MISC GROUP STUFF
On prior UK/France trips we often bought bottles of cider, beer and/or wine in town to have with our picnic dinners at camp, so we’ve added the bottle opener and corkscrew to our Europe hiking kit. However, on this trip, we purchased most of our wine at refuges, and we transferred it from the pitcher to a Platypus at the refuge. Once or twice we bought wine in shops, and transferred it to the Platy before leaving town. Since the shops can open bottles, we actually didn’t need the corkscrew for this trip. Next time, we’ll just carry an extra 1-liter Platy dedicated to wine.
We tossed our maps and guidebook pages as we used them, so by the end of the trip the weight of the Info Pack was down to near zero.
The SPOT Tracker is certainly not needed for “safety” reasons on this trip, it is not wilderness and we were always within a few hours of a refuge or paved road. We now carry it for the vicarious pleasure of our family and friends (and they carry it to reciprocate the favor.)
If I did the trip again, I’d carry a one-liter Platy dedicated to wine and a 1.8 liter platy for the few sections of the route where 1 liter of water per person is not enough. We did not need 2x 1.8 liters. The spare Platy cap is from the lesson-learned department – it’s really easy to drop a cap into a river and never see it again.
DAY-TIME DITTY BAG
Body Glide – We use this between toes to prevent blisters, and in hot sweaty weather to prevent chafing/rash where flesh-meets-flesh (i.e. buttocks). Great stuff.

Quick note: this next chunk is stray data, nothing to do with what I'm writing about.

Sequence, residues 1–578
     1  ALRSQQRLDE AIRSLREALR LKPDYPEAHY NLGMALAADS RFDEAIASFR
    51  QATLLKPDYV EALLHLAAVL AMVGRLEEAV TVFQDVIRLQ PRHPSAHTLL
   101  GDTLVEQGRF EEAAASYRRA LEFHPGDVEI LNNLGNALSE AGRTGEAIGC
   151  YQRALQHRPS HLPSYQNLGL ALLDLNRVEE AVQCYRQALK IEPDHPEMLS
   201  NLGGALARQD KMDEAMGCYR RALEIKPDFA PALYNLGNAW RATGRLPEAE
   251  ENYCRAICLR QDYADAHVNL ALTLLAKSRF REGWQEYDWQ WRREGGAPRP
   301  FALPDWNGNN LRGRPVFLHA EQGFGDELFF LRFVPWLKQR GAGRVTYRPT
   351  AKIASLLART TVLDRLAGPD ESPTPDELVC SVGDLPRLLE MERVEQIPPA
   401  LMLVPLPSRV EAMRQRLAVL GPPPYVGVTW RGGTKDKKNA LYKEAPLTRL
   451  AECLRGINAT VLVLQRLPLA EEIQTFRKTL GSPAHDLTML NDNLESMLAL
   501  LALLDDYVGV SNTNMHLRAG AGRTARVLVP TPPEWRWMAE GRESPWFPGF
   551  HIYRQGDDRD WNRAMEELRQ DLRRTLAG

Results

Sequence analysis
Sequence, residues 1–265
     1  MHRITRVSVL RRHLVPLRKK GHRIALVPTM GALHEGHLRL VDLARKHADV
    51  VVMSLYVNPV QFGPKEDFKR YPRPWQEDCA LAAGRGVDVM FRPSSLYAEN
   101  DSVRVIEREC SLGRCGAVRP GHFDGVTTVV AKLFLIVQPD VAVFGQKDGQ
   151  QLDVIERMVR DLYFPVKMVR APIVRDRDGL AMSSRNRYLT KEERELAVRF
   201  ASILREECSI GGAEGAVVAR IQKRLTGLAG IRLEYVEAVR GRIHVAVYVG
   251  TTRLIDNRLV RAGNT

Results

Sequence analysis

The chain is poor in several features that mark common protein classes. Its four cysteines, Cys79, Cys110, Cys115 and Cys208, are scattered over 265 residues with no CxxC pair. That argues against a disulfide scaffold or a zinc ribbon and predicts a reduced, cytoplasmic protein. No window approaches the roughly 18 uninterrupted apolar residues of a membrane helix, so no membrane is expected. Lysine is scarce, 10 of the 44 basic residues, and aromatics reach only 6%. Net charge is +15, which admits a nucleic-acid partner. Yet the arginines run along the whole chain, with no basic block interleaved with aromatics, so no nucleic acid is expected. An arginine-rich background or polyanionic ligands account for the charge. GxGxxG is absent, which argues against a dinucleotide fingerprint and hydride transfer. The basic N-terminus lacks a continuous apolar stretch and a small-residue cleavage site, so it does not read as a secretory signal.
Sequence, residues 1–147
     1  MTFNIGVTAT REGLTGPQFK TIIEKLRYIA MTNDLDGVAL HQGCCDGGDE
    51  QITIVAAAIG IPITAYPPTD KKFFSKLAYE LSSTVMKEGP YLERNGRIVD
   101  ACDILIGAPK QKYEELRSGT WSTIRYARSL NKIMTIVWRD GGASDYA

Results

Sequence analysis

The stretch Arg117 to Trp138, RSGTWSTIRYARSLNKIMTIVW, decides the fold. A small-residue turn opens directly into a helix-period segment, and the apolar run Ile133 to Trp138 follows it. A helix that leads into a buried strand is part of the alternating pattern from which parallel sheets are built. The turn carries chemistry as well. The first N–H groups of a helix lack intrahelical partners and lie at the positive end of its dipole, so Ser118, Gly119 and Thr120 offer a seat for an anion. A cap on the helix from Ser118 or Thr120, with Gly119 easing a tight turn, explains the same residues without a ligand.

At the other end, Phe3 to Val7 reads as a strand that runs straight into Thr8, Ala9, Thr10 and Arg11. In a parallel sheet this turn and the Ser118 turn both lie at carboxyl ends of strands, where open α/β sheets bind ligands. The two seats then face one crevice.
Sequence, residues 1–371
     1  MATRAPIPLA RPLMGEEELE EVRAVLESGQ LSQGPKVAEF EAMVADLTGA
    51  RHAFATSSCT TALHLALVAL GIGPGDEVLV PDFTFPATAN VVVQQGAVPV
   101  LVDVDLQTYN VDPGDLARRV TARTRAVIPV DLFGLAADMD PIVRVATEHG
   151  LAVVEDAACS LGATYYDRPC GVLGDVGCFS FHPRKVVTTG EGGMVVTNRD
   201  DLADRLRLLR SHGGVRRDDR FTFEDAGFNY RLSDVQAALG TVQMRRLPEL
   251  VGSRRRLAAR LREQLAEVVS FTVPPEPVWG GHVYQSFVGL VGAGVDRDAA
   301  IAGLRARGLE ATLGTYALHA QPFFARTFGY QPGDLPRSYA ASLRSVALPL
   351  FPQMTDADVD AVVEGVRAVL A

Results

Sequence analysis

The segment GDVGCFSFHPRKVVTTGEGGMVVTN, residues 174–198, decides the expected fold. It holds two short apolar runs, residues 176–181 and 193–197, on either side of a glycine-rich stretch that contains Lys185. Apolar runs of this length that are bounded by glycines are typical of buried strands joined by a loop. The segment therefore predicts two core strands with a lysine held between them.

Soap – we refill our little bottle at any shop/restaurant that has liquid soap in the restroom. Same for toilet paper.
We use the altimeter and compass for navigation. We have not adopted the GPS method yet, and for this route we found the map, compass, and altimeter were just fine.
Aqua Mira – we only used it a couple times. There is always potable water at refuges and villages, usually at shepherd huts, and often at developed springs in random places.
NIGHT-TIME DITTY BAG
I don’t think we ever used the flashlights. The sun set late enough, and rose early enough, that we were never awake when it was dark.
FIRST AID KIT
Fortunately the only thing we used from our first aid kit were the camera batteries and lense cleaning kit.
Jim would take the same set of clothing if he hiked the route again.
I would not carry the second pair of underwear. And, on this trip, I never needed the Thermawrap vest; however we were very lucky and never had cold wet weather during the day, so I’d probably take the vest along if we hike the route again in case our weather luck faltered.
We don’t carry sandals when we take wilderness hikes or shorter hikes. We do carry them in Europe. If the weather is foul (we had 14 consecutive days of serious rain on our 2009 Wales trip) and our hiking footwear is consistently wet and muddy, the sandals are good for pubs, restaurants and B&Bs. Also, after multiple days with wet feet I start to get toe rot, and being able to switch to dry sandals at every opportunity is even more gratifying than a glass of wine.
Jim’s Vasque Breeze boots were fine. He didn’t have a preference for Goretex, but these were the only boots he found that fit when he went shopping.
My Montrail AT Plus trail runners were plenty comfortable. I had to do some stitching half way through the trip when the seams started to fail, and my dental floss repairs held up. The traction was adequate, but there were plenty of times I would have preferred to have a grippy vibram sole. I’m not sure what I would do if I repeated the route.